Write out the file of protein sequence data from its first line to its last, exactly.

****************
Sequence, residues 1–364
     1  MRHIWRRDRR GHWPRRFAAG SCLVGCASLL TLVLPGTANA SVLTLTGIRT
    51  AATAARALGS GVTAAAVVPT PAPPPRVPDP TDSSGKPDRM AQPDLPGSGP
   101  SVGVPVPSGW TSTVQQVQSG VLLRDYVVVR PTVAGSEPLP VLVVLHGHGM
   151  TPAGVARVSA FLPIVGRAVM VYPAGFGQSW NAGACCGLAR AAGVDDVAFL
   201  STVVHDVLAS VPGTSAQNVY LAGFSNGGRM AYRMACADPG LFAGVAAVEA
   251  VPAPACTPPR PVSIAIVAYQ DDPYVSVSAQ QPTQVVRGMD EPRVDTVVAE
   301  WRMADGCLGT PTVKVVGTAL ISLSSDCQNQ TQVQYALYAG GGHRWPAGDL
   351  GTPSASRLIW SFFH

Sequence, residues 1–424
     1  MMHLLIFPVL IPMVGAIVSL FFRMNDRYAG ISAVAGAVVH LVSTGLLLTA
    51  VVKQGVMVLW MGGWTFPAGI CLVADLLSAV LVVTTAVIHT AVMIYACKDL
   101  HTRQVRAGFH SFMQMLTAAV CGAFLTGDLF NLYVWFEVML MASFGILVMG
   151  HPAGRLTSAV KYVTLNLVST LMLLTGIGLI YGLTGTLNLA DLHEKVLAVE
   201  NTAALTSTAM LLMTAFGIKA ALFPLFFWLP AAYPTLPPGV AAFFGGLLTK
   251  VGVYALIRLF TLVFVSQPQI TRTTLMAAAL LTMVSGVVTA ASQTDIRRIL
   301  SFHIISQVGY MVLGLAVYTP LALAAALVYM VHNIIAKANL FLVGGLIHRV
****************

Sequence, residues 1–364
     1  MRHIWRRDRR GHWPRRFAAG SCLVGCASLL TLVLPGTANA SVLTLTGIRT
    51  AATAARALGS GVTAAAVVPT PAPPPRVPDP TDSSGKPDRM AQPDLPGSGP
   101  SVGVPVPSGW TSTVQQVQSG VLLRDYVVVR PTVAGSEPLP VLVVLHGHGM
   151  TPAGVARVSA FLPIVGRAVM VYPAGFGQSW NAGACCGLAR AAGVDDVAFL
   201  STVVHDVLAS VPGTSAQNVY LAGFSNGGRM AYRMACADPG LFAGVAAVEA
   251  VPAPACTPPR PVSIAIVAYQ DDPYVSVSAQ QPTQVVRGMD EPRVDTVVAE
   301  WRMADGCLGT PTVKVVGTAL ISLSSDCQNQ TQVQYALYAG GGHRWPAGDL
   351  GTPSASRLIW SFFH

Sequence, residues 1–424
     1  MMHLLIFPVL IPMVGAIVSL FFRMNDRYAG ISAVAGAVVH LVSTGLLLTA
    51  VVKQGVMVLW MGGWTFPAGI CLVADLLSAV LVVTTAVIHT AVMIYACKDL
   101  HTRQVRAGFH SFMQMLTAAV CGAFLTGDLF NLYVWFEVML MASFGILVMG
   151  HPAGRLTSAV KYVTLNLVST LMLLTGIGLI YGLTGTLNLA DLHEKVLAVE
   201  NTAALTSTAM LLMTAFGIKA ALFPLFFWLP AAYPTLPPGV AAFFGGLLTK
   251  VGVYALIRLF TLVFVSQPQI TRTTLMAAAL LTMVSGVVTA ASQTDIRRIL
   301  SFHIISQVGY MVLGLAVYTP LALAAALVYM VHNIIAKANL FLVGGLIHRV